This is in spite of the fact that medical
students in the US decide during high school or even earlier that they want to
become doctors and from then on spend years volunteering in hospitals, clinics
and medical research labs and take on medicine-specific courses in the pre-med
years of college.
By the time they hit medical school, most of them are
mentally and emotionally prepared for the hard work required to become doctors
and yet some of them still fall by the wayside. They are usually twenty-two
years or older and comparatively quite mature when they start.
medical students on the other hand come to medical school when they are about
eighteen years of age and with little exposure to medicine or extensive
pre-medical college courses. The curriculum is too demanding for them when they
start but most of them adjust and go on to graduate.
The point is that a
certain amount of attrition is to be expected between the students that enter
the first year in medical college and those that go on to graduate. But that is
not what, I think, the students were demonstrating against. The problem that
exists in KE is that promotion from one year to the next almost entirely depends
upon the 'professor' teaching a particular subject. He or she literally at a
whim can pass or detain a student.
This is nothing new. Even when I sat
my final MBBS examination almost forty years ago, one of my classmates, a
brilliant student and now an accomplished physician in the US, failed his
medical oral examination because he evidently knew 'more' medicine than his
examiner! And another classmate flunked a specialty exam because she in a
college play had made fun of the professor of that specialty.
subjectivity is always going to be there as long as the present system of
examination continues. Things will change only if computerised multiple choice
questions are substituted for the present essay and oral exams that are
In basic sciences, the knowledge base can be easily
assessed by anonymously posed questions presented and checked by a computer. For
clinical and lab work, the assessment of a 'supervisor' will still be required
before a semester containing such content is successfully completed. That is as
it should be.
For me the most disturbing charge levelled by the
protesting students concerning the injustice of the examination system was that
the son of a former principal of KE got eleven medals, the presumption being
that they were not all deserved and therefore clearly demonstrated the intrinsic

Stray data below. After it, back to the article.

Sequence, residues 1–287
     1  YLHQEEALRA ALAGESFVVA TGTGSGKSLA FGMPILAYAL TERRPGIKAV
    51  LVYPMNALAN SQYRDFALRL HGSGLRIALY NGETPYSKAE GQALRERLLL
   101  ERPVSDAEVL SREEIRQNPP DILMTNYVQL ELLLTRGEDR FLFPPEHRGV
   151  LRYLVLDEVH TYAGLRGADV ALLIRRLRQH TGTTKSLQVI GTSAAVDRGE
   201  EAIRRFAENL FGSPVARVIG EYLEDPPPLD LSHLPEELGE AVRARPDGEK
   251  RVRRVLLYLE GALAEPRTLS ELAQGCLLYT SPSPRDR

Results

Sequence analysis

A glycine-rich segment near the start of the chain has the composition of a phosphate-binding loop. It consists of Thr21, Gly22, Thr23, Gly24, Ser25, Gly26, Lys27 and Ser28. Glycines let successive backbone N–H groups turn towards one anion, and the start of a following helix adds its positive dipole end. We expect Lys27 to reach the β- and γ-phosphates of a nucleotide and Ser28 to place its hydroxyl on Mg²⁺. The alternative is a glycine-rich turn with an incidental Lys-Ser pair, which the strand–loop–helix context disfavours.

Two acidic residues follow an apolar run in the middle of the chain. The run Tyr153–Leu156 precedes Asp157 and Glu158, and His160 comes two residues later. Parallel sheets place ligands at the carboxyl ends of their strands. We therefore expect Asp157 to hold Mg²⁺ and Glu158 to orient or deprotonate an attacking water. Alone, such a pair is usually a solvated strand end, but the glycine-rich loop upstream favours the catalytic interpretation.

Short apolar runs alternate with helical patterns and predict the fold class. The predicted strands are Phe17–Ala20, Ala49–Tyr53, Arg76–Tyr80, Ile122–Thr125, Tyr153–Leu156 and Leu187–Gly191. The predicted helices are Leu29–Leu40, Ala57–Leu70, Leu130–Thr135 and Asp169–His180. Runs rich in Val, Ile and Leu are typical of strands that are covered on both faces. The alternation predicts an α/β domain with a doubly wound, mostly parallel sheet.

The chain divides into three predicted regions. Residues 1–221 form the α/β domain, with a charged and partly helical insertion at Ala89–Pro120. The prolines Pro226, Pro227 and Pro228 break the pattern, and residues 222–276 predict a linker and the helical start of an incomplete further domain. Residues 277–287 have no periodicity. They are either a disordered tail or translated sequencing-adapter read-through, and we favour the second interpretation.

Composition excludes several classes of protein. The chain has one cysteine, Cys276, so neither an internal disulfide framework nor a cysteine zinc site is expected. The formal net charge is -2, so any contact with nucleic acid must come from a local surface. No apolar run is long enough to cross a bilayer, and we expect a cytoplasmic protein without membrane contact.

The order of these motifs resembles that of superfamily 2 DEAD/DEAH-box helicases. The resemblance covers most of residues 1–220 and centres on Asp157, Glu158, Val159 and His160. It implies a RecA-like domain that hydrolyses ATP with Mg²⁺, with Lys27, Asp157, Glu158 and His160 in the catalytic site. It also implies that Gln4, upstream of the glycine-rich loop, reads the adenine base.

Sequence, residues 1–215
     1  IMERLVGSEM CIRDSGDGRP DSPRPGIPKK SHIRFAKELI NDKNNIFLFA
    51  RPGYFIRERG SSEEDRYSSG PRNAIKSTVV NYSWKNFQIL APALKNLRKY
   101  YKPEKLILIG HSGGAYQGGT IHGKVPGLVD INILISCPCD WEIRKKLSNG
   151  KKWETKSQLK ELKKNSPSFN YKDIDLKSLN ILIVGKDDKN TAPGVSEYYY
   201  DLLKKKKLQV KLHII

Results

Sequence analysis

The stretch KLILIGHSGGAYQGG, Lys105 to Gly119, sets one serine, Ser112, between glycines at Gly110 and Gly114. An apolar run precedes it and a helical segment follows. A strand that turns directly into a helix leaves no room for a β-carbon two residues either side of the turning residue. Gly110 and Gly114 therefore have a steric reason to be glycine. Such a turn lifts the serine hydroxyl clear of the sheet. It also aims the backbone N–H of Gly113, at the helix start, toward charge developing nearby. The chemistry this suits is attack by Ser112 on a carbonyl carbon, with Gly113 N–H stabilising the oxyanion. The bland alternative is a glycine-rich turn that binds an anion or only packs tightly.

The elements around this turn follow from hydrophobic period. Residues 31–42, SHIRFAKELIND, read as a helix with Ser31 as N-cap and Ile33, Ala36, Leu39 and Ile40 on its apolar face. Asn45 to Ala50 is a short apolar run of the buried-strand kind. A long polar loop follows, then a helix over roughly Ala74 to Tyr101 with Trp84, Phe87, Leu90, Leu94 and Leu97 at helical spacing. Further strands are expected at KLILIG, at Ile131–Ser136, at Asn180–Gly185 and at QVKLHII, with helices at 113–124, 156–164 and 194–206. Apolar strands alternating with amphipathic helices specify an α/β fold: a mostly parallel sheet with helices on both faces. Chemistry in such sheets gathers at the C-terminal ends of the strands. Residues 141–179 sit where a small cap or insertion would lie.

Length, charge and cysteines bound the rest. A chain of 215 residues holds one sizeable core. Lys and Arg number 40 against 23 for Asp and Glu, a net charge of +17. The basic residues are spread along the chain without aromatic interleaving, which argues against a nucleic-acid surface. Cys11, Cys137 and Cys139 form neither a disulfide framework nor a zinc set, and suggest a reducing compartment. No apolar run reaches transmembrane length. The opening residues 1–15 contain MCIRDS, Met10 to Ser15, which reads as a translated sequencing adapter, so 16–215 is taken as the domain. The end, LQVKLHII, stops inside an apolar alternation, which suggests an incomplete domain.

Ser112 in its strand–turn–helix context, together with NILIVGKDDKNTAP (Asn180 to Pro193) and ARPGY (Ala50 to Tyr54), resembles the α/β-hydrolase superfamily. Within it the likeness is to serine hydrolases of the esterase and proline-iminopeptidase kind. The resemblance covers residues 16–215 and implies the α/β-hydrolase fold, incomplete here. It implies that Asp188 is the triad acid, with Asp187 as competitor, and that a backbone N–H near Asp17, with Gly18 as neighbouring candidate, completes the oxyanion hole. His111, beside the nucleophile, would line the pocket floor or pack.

injustice of the system. I must admit that I do not know whether that particular
student was special enough to obtain such academic distinction.
must go back to the history of KE. It is only during the last two decades or so
that the children of KE professors and principals started getting medals by the
bushel. It is quite possible that unlike the time I was a medical student,
children of the faculty of KE during these last many years have become
infinitely superior to other students.
I came to KE in 1965. During my
five years in KE and another in Mayo Hospital as a house officer, there were at
least four of my contemporaries that were the children of KE principals during
that time and a few others that were the children of professors in KE. Yet I do
not remember if any one of them ever got a medal in any exam.
importantly, if any one of them ever tried to use their father's position to
gain any advantage in the college environment, the father would probably have
beaten the proverbial out of them.
I remember when as a final year
student in KE, I applied for the position of 'magazine secretary' for the
KEMCOLIAN, the college magazine, a position for which I thought I was eminently
qualified. I walked into the interview where my father's best friend, then the
principal of KE, sat presiding over the selection committee. He took one look at
me and said, "Mansoor, get out of here and go study!"
That is what has
changed in Pakistan and not just in medicine. Today if I was a final year
student in KE with similar 'connections', I would probably be the magazine